Legislation to extend California’s tax credit production incentive program for two years has cleared the state Assembly on a 70-4 vote, setting the stage for the state Senate to approve the bill.

The Assembly bill, authored by Felipe Fuentes (D-Sylmar), was amended in June in committee to shorten the original five-year extension to just two years. The first Senate committee hearing should take place next week, Fuentes spokesman Ben Golombek said Thursday.

The Senate version of the legislation — SB 1167 by Sen. Ron Calderon (D.Montebello) — was approved unanimously by the Senate Appropriations Committee on Thursday. That legislation could reach the Senate floor as early as Monday, according to Calderon spokesman Rocky Rushing.

The reduction in the number of years came following a report from the California’s Legislative Analyst Office, which said the program benefits are not generating enough economic activity to make up for the attendant reduction in tax revenues.

The 3-year-old program is strongly endorsed by the film business as a sensible method to create below-the-line jobs by incentivizing producers to remain in the Golden State. Currently, the state of California provides $100 million in annual tax credits for productions, but the 25% maximum credit is smaller than many other programs, and demand far exceeds supply, with 28 projects selected by lottery out of more than 330 in the most recent round in June.

Fuentes carried a bill last year that saw the state Senate opt for a one-year extension rather than the five-year extension original planned. Program backers have asserted that the lack of a multiyear program has created uncertainty among producers deciding whether to shoot in California.

A study conducted by UCLA’s Institute for Research on Labor and Employment as part of the Headway Project found that the tax credit program is benefiting the state economically with an impact of $1.04 for every dollar spent. A report issued last summer by the Los Angeles County Economic Development Corp. and financed by the Motion Picture Assn. of America estimated that figure at $1.13 for every $1 the state allocated.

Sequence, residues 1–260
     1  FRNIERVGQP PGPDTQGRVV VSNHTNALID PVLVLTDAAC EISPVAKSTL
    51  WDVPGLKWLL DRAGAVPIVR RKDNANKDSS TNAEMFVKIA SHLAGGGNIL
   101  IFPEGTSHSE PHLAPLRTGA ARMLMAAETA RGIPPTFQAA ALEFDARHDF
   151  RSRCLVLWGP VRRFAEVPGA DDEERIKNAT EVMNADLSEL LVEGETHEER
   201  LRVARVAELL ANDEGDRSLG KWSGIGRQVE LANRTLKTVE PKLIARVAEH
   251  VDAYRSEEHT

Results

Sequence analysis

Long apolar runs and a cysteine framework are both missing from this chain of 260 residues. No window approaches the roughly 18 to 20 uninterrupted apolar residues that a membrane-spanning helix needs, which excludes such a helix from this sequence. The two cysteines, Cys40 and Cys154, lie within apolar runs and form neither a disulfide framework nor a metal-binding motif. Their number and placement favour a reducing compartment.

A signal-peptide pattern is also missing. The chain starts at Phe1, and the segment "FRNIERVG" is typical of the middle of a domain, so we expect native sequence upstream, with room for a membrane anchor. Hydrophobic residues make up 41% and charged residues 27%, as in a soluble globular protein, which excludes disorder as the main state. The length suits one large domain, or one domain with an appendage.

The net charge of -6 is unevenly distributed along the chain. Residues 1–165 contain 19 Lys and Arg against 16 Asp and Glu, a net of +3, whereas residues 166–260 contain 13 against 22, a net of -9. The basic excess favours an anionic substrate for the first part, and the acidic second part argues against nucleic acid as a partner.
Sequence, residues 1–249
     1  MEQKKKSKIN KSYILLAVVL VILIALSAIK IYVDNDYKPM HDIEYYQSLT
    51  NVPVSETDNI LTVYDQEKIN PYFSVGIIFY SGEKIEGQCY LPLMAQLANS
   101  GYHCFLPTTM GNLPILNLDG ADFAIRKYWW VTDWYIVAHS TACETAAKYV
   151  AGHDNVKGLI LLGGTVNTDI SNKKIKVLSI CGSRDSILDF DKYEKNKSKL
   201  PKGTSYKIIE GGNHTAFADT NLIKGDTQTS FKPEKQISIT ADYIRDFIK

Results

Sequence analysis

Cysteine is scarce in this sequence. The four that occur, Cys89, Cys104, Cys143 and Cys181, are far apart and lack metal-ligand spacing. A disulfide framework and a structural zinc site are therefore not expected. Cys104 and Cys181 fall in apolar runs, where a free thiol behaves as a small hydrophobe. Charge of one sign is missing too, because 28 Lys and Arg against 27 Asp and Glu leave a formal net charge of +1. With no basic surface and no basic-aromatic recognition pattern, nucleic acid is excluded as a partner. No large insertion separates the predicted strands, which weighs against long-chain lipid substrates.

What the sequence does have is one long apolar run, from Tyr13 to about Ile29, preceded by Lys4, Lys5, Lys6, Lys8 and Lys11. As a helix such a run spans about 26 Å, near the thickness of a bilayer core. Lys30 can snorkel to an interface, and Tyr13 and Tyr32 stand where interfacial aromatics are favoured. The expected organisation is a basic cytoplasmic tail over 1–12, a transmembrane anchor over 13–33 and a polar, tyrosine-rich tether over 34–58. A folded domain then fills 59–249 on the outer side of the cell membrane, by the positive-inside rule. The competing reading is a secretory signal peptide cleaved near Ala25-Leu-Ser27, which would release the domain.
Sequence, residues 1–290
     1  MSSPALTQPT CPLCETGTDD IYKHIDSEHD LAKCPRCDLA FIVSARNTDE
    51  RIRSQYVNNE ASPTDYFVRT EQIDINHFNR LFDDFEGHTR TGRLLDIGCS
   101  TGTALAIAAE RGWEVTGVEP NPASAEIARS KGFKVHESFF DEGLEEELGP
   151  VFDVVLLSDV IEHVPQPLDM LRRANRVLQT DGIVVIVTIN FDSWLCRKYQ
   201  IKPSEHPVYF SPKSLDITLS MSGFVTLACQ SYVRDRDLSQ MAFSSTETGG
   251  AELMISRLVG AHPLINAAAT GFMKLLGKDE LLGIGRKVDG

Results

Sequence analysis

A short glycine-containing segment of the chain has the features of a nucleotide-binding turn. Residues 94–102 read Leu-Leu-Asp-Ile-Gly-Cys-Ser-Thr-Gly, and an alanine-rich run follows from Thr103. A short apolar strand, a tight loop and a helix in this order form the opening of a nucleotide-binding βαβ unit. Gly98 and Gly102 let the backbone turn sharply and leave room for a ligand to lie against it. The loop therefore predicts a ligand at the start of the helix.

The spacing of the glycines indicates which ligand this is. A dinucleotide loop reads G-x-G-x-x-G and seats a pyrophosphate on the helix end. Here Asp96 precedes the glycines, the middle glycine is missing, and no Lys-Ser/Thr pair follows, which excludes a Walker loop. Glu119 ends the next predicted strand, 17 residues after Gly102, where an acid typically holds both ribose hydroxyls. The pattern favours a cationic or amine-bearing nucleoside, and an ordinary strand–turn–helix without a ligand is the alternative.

A coalition of unions and guilds issued a statement Thursday praising the Assembly.

“Without the extension, the state of California will have no chance of competing with more than 40 states and many foreign countries that offer generous incentive programs to retain and attract qualified motion pictures and television programs, resulting in the loss of tens of thousands of middle class jobs and all the ancillary economic benefits that a thriving entertainment industry brings to the economy,” the statement said. “We thank Assembly member Fuentes for his commitment to the men and women making a living in the entertainment community and we urge the California state Senate to do all it can to keep jobs in California by voting to approve the extension of the California production tax incentive bill.”

The statement was signed by the California Teamsters Public Affairs Council; Directors Guild of America; Intl. Alliance of Theatrical Stage Employees; Intl. Brotherhood of Teamsters, Local 399; Laborers’ Intl. Union of North America, Local 724; Professional Musicians Local 47; Recording Musicians Assn.; and SAG-AFTRA.